It's strange, there was an interview in April's Rolling Stone magazine with Ahmet Ertegun about his book about Atlantic Records and he said... 'There were a lot of rock and roll bands playing clubs on the sunset strip so one day I asked Dewey Martin the drummer with Buffalo Springfield which in his view was the really hot new band. Dewey told me, 'there's a band called Iron Butterfly which I think is great, they've got a fantastic guitar player'. That guitarist Danny Weis was creating a big buzz so I went to see the band and they were terrific'. He went on to say that when he went to see the band to hear songs for the second album he got to the rehearsal and it was a totally different band, and he asked, what happened to the guitar player? and they said, 'Oh, he quit right after we made the first record!' (to read this article, see the link at the bottom of this page)
Also...to clear one thing up, I didn't play on In-A-Gadda-Da-Vida, it was nothing to do with me, and I don't like it much either.
From reading articles about that period, you seemed to have attracted a lot of attention and respect from other musicians... I read in the Al Kooper book that David Crosby was really into your playing... and that he (Al) once approached you about joining one of the first versions of Blood, Sweat and Tears .... What truth is there in all this and who else did you play with in that period?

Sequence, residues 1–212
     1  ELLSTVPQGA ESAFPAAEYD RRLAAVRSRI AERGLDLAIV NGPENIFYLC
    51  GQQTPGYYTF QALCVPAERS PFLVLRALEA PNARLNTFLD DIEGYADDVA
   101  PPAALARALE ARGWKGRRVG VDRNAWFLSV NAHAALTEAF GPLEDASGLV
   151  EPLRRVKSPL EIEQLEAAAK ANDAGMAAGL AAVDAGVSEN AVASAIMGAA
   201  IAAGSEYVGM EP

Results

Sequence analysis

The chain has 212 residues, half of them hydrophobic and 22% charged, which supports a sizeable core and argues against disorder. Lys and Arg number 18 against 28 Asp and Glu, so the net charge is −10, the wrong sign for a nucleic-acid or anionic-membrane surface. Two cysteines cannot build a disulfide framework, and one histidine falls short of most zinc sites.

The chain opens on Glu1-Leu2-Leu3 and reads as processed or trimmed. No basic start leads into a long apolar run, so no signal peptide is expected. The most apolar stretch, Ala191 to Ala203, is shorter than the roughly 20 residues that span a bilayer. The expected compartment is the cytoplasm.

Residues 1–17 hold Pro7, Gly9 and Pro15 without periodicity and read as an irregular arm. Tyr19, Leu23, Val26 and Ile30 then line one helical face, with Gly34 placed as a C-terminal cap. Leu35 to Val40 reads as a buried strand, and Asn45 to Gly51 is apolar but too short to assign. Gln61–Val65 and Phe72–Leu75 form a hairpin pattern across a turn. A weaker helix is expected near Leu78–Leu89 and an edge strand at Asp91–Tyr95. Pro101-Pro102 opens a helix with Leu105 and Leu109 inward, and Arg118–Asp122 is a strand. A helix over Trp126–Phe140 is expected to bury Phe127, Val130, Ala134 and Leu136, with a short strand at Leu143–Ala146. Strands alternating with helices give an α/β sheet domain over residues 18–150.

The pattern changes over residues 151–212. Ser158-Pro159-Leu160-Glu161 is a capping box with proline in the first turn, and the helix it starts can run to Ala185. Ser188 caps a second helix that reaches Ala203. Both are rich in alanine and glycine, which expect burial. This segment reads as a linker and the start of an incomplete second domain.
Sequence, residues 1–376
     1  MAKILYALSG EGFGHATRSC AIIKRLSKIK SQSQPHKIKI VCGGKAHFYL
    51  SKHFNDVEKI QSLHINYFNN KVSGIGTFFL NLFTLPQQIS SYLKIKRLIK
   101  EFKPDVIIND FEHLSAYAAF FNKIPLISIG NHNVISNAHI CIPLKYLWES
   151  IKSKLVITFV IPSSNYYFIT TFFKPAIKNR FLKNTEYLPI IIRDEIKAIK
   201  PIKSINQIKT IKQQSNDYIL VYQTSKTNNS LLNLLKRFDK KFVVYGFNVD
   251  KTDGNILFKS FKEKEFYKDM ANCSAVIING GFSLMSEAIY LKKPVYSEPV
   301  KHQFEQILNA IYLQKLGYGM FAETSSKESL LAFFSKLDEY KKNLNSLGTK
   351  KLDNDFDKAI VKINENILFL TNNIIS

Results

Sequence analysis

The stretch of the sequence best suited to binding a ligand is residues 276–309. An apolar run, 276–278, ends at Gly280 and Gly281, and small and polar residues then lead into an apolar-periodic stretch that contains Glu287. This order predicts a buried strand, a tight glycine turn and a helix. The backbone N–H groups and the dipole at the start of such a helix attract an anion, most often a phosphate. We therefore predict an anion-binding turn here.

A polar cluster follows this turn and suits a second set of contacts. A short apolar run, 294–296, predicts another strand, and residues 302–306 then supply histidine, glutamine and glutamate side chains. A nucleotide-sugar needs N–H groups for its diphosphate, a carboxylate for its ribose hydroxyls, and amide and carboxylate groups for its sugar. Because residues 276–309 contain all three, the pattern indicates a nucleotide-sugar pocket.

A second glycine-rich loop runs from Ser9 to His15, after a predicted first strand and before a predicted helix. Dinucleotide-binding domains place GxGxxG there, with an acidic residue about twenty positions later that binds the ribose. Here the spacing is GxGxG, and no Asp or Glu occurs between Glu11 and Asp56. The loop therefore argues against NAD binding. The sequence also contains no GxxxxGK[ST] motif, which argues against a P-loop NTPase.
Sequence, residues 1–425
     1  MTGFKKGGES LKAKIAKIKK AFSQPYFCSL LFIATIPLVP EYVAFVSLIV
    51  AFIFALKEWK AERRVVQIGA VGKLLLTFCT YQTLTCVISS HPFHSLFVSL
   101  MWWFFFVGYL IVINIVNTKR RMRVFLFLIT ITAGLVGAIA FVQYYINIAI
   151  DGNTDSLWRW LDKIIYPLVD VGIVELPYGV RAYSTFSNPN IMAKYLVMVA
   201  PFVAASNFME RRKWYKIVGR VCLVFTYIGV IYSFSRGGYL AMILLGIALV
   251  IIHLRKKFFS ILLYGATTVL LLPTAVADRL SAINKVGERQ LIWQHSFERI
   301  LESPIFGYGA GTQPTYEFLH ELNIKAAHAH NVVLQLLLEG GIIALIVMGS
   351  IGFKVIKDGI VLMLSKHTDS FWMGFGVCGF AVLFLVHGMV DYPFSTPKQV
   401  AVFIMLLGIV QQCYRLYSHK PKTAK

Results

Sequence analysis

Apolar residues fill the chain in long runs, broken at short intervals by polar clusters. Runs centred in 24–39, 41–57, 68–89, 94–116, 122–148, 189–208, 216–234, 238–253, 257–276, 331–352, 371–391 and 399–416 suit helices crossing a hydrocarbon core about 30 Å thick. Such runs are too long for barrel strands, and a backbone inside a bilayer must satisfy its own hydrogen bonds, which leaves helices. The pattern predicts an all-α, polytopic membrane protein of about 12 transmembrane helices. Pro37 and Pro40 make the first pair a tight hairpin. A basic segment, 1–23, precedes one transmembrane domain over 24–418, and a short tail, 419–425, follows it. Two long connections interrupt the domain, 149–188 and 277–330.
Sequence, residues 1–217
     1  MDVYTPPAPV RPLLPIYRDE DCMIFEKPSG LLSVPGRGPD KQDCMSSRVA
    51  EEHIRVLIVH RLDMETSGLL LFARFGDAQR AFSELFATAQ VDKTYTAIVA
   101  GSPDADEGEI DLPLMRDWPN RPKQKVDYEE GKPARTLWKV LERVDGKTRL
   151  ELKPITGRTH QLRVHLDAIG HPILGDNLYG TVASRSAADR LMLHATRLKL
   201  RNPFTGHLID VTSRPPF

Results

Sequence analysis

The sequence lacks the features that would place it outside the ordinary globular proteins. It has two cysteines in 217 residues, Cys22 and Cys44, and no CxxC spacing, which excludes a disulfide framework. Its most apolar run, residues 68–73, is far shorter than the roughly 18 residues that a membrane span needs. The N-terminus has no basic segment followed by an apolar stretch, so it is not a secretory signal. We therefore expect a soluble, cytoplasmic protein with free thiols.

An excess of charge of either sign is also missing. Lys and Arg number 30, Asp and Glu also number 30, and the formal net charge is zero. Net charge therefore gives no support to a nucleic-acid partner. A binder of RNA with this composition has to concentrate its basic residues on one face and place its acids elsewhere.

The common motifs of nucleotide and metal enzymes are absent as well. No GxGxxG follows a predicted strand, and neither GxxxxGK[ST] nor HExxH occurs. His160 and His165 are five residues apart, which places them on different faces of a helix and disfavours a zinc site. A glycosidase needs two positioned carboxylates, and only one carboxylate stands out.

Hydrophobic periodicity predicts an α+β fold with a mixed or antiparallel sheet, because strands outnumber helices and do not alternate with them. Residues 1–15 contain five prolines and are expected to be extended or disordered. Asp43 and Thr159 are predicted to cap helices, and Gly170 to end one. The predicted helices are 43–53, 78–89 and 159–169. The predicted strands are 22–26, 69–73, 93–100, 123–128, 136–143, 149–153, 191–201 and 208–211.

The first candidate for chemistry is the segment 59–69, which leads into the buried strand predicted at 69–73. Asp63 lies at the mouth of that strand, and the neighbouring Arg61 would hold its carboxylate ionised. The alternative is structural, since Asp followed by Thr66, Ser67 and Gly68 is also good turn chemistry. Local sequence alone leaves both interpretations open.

I remember Al and David Clayton Thomas and Bobby Colomby the drummer, they were all cool.. At that time in my life I played with a lot of different people, there was so much going on, we were all having a good time, partying and playing as much as possible with whoever. It was a great period... what a wonderful time to become successful for musicians! One didn't have to fit a mould, one could just be good and be any style, I mean I remember playing with maybe five different bands on the same night and they were all doing good things, all different kinds of music all combined together, and everybody was happy with it.. forget the specifics... all I can tell you is that I did a lot of different things with a lot of different people.
What was your initial impression of the whole Rhinoceros setup, did Paul Rothchild tell you what kind of style he wanted you as a band to play, or did you have to find your own way as the group developed?
The whole concept he had and the label had was for it to be a Supergroup, and at one time I think it was even gonna be called Supergroup... and another name he came up with was Mach 7, I remember one day he got the whole band together, and had it up on the easel... a big dramatic thing, and he unveiled it, you know, pulled the cloth off this name, and the looks on everyone's faces in the band was like...completely blank... it was like.. 'Oh'!
|Rhinoceros 1969 with Danny Weis (top left)